Which procedures will follow the declaration of a State of Emergency?

Which procedures will follow the declaration of a State of Emergency?
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On the second day following the powerful earthquakes that shook southeastern Turkey, President Erdogan declared a State of Emergency over the ten provinces that were affected by the natural disaster.

A State of Emergency (SOE) has been declared over the provinces of Kahramanmaras, Hatay, Adiyaman, Diyarbakir, Sanliurfa, Malatya, Kilis, Gaziantep, Osmaniye and Adana, which were hard hit by the earthquakes.

According to Anadolu Agency, President Erdogan said, “We have decided to declare a State of Emergency based on the powers given to us by the 119th Article of the Constitution. We will complete the Presidential and Parliamentary procedures of the State of Emergency which will last three months regarding the earthquake experienced in ten of our provinces.”

States of Emergency are typically declared under conditions of natural disasters, pandemics, economic instability, or other sever events that call for the State to be empowered to act in extraordinary capacities, implementing policies that otherwise might not be possible. During a State of Emergency, even some fundamental rights and freedoms of citizens may be restricted.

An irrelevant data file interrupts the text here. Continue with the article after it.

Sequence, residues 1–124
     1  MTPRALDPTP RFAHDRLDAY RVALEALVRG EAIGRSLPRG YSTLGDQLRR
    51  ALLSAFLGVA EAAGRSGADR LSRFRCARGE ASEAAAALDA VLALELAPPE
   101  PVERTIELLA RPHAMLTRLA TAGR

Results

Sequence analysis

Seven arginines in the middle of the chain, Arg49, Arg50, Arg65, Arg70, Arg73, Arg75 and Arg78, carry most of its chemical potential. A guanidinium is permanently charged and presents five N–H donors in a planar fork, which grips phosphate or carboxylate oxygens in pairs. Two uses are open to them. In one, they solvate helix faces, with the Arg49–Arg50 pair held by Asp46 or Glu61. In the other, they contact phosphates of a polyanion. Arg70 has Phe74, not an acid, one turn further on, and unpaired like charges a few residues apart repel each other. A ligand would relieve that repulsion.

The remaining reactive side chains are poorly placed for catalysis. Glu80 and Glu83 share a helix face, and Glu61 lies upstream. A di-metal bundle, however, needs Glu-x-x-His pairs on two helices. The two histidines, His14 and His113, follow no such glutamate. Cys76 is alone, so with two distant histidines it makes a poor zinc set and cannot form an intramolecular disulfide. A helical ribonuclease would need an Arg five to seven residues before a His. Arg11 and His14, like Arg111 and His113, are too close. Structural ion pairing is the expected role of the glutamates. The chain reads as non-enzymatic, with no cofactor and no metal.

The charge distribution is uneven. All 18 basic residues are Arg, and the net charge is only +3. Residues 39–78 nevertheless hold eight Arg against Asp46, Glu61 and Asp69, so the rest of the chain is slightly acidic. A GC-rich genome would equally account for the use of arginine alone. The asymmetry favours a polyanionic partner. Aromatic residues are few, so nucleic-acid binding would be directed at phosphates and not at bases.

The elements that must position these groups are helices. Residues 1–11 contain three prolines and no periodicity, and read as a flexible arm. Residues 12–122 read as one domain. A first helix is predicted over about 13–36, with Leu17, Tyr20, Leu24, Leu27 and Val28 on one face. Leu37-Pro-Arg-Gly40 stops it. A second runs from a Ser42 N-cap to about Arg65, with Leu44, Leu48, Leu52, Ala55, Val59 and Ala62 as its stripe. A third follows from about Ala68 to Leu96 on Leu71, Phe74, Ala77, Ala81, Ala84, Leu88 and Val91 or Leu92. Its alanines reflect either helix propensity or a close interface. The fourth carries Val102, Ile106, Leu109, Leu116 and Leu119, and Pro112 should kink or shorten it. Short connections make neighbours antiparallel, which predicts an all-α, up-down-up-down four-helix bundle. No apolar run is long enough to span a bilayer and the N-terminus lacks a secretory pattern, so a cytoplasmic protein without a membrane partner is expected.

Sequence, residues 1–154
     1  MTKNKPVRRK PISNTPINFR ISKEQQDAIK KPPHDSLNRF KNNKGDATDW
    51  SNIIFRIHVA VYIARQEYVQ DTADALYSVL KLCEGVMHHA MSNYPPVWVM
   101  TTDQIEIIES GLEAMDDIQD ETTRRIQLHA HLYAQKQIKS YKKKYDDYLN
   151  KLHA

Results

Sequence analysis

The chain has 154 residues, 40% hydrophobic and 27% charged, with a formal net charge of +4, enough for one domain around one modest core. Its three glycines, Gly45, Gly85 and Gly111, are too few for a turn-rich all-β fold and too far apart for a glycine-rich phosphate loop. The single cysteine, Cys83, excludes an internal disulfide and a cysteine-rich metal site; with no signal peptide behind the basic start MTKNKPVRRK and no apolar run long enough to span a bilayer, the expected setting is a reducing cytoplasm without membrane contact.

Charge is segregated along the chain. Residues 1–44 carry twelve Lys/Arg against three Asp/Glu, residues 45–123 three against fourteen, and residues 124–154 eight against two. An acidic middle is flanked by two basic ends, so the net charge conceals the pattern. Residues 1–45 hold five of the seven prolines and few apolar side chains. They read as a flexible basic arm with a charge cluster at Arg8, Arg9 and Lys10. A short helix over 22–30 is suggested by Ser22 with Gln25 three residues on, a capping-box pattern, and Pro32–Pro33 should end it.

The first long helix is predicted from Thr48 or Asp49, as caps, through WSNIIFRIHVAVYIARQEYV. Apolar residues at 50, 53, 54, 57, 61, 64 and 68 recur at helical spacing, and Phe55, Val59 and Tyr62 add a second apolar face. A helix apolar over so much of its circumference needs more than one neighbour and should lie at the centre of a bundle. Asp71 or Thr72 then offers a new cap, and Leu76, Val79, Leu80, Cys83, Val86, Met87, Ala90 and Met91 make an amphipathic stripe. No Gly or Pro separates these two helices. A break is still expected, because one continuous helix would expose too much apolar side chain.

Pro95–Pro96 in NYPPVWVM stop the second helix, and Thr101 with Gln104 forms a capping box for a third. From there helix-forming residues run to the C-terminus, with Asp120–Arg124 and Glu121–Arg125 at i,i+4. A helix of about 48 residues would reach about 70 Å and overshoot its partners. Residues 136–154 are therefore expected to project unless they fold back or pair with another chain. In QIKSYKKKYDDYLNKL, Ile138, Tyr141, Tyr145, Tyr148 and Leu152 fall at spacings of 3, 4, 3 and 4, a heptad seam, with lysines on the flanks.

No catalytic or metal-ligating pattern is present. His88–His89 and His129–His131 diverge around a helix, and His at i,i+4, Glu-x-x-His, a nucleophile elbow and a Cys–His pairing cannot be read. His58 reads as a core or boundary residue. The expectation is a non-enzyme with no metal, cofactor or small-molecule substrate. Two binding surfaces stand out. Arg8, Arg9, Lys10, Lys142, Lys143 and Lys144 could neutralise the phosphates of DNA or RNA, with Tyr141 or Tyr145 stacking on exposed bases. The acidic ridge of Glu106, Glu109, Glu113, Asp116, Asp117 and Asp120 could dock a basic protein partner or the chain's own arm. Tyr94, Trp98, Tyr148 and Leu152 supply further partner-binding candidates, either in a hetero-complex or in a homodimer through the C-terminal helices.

Throughout the duration of a State of Emergency, the President holds the right to issue decree-laws that are not bound to the provisions of the 91st Article of the Constitution.


As per the State of Emergency Law numbered 2935, the decision to enact the SOE must be published in the Official Gazette and then submitted to Parliament for approval.

After being presented with the justifications for the declaration of a SOE, in addition to details regarding its duration and region, the Parliament may alter its length, extend it for a period of four months each time, or it may lift it entirely.


As the SOE is being declared on the basis of a natural disaster, Birgun Newspaper reports that “money and all kinds of movable and immovable properties and works that are needed for the rescue of the disaster victims and the compensation of damage” will immediately be provided, primarily using public resources.”

In addition, in the ten provinces under the State of Emergency, “Public institutions and organizations as well as legal and real persons … will be obliged to give land, land, building, facility, vehicle, equipment, food, medicine and medical equipment, clothing and other items that will be requested from them.”

If the need cannot be met by the existing resources in those provinces, the government will make requests from the nearest regions with obligations that they provide the necessary materials.


Decree-laws passed during a State of Emergency potentially restrict citizens’ ability to exercise some of their fundamental rights, including, but not limited to the freedom of movement, freedom of the press, or freedom of association.

Some of the laws that may be implemented as part of the SOE are as follows:

  1. Limiting or prohibiting going outside,